Sharjah is a beautiful city less than an hours drive from Dubai.  I stayed at Hilton hotel at very cheap rates at which I booked a month in advance. I have booked through this site in my previous travels to Paris, Yogyakarta and Siem Reap and they give "secret deals" to frequent "bookers".  I was lucky to have gotten this deal.  The nice thing with is that you can cancel any reservation at least a day prior and they don't charge you a cent. At the Hilton, the mostly Filipino staff  were very friendly and helpful and made me feel at home. The Hilton view was magnificent overlooking a lake and the wonderful city skyline.  The city center is just a few meters away and bustles with more activity at night.  I had a blast taking pictures and the scenery really brings night photography to a whole new level.  I was glad I brought my reliable and super-lightweight Sirui tripod. I took several pictures of the mosque, cityscape and lake-views and enjoyed every minute of it!  I didn't realize it was almost midnight (4am RP time) and after a few minutes walk, I was back in my cozy hotel.  The next day I ventured to Al Ain, an ancient city of Abu Dhabi emirate.

I had a memorable time in Sharjah, far away lands on my stamps, now I am treading on.

Tuesday, February 18, 2014

The Cultural Sites of Al Ain

After an hour and a half drive from Dubai, one arrives in Al Ain, a small but vibrant city which is a part of Abu Dhabi, one of the the seven emirates. It borders Oman so a few more steps and you are in another country.  Tourist beware though of taking pictures near the border because the Omanis are strict and you can be reprimanded.  Always bring your passport wherever you go around UAE because you might be crossing borders without being aware of it.  The serial property of The Cultural Sites of Al Ain, with its various component parts and the regional context in which it is situated, provides testimony to ancient sedentary human occupation in a desert region. Occupied continuously since the Neolithic, the region presents vestiges of numerous prehistoric cultures, notably from the Bronze Age and the Iron Age.

Al Ain is situated at the crossroads of the ancient land routes between Oman, the Arabian Peninsula, the Persian Gulf and Mesopotamia. Very diverse in nature, the tangible elements of the property include remains of circular stone tombs and settlements from the Hafit and Hili periods, wells and partially underground aflaj irrigation systems, oases and mud brick constructions assigned to a wide range of defensive, domestic and economic purposes. This expertise in construction and water management enabled the early development of agriculture for five millennia, up until the present day.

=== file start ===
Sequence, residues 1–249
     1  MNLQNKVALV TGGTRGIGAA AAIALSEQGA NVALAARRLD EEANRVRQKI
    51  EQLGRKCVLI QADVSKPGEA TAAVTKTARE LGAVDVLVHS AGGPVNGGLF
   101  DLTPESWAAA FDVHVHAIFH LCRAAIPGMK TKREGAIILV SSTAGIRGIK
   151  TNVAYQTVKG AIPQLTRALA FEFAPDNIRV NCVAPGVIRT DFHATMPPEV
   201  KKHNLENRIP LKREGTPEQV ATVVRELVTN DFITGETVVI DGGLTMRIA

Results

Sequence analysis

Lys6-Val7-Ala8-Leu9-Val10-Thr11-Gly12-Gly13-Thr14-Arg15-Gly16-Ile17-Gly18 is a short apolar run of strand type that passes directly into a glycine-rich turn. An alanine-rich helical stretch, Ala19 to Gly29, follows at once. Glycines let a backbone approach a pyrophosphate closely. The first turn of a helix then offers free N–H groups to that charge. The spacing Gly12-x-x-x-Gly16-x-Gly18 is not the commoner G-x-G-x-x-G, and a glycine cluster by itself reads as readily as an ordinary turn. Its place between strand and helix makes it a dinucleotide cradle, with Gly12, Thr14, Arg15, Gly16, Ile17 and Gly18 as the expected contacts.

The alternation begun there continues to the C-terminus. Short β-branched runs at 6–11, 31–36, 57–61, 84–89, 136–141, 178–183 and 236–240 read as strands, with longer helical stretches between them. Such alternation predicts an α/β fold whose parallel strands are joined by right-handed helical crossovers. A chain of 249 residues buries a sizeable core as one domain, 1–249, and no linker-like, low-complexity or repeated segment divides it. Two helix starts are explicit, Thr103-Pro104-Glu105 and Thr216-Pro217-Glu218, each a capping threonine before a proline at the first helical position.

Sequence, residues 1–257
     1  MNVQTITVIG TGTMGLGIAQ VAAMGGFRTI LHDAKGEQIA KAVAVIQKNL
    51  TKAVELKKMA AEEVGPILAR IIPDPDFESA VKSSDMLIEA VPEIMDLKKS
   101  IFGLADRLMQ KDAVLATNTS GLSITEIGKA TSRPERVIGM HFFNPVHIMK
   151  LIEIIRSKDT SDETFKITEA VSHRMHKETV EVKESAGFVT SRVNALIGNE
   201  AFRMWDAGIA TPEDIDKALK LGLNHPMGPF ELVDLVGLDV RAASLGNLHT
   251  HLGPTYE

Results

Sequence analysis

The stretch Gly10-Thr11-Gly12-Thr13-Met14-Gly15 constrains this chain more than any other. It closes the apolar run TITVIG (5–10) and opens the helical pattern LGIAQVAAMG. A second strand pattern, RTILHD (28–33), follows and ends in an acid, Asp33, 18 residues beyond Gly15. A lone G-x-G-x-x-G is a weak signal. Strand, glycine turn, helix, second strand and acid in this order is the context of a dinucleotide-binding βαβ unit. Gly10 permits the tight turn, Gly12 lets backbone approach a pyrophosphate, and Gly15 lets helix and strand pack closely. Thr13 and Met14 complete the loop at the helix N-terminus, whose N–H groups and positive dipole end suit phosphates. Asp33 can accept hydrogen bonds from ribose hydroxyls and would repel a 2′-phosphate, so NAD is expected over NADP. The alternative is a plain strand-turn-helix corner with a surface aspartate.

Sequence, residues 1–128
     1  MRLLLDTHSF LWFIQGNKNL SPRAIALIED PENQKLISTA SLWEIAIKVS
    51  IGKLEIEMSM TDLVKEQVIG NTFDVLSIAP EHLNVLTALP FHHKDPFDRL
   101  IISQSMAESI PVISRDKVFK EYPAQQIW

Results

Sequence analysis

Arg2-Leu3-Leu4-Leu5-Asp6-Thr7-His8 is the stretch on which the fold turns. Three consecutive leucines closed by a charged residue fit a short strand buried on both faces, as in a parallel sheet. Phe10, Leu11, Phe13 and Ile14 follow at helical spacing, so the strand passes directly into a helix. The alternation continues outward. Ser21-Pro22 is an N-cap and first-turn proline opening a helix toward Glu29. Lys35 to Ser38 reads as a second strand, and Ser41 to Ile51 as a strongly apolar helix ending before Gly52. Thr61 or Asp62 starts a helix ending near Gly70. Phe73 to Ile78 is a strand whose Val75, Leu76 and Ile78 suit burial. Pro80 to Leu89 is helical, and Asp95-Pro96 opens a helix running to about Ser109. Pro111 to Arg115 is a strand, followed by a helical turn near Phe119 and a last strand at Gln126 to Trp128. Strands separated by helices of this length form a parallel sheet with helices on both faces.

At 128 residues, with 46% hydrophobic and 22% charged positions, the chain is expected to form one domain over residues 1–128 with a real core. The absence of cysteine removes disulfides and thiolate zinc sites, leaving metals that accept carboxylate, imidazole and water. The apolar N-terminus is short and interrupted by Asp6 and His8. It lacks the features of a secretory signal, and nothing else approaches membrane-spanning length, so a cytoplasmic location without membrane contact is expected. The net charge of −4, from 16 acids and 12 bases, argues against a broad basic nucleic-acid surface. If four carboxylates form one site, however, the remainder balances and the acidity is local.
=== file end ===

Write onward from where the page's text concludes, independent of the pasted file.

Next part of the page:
Thursday, October 17, 2013

Saturday, September 28, 2013

Anthem Postmark from Ettelbruck

Ettelbruck  is a commune with city status in central Luxembourg, with a population of approximately 7,500. As of 2005, the town of Ettelbruck itself, which lies in the east of the commune, has a population of 6,191. The town of Warken and Grentzingen are also within the commune. Until 1850, both Erpeldange Schieren were part of the Ettelbruck commune as well, but both towns were detached from Ettelbruck by law on 1 July 1850.

This first day cover was issued on June 13, 1989 with special FDC postmark to commemmorate the 12th Anniversary of the Premiere Execution d Hymne National.

Thursday, September 26, 2013

Stamps from Suzhou

I got hold of this wonderful tri-fold stamp set from Suzhou post inside the Humble Administrator's Garden  for 75 Yuan.  The first set of four stamps features the land and waters-capes of the garden, the middle set portrays the art of Suzhou and the miniature set shows an example of the flora of the garden.  The garden had a long history of destruction and modification, changing under several owners  (at least 7 times) along the way until inscribed as a UNESCO world heritage site in 1997.

On the Zhuozhengyuan's site was first built a garden during the Shaoxing period (1131-1162) of the Southern Song Dynasty. Afterwards it changed ownership, and was destroyed or modified continually.  It was the residence and garden of Lu Guimeng, a Tang Dynasty scholar. Later in the Yuan Dynasty it became the Dahong Temple's garden. In 1513 CE, Wang Xiancheng, an Imperial Envoy and poet of the Ming Dynasty created a garden on the site of the dilapidated Dahong Temple which had been burnt during the Ming conquest. In 1510, he retired to his native home of Suzhou under the occasion of his father's death. He had experienced a tumultuous official life punctuated by various demotions and promotions, and gave up his last official post as magistrate of Yongjia county in Zhejiang province, and began to work on the garden. This garden, meant to express his fine taste, received close attention from the renowned artist, Suzhou native, and friend, Wen Zhengming. The garden was named after a verse by the famous scholar official of the Jin Dynasty, Pan Yue, it his prose, An Idle Life, "I enjoy a carefree life by planting trees and building my own house...I irrigate my garden and grow vegetables for me to eat...such a life suits a retired official like me well."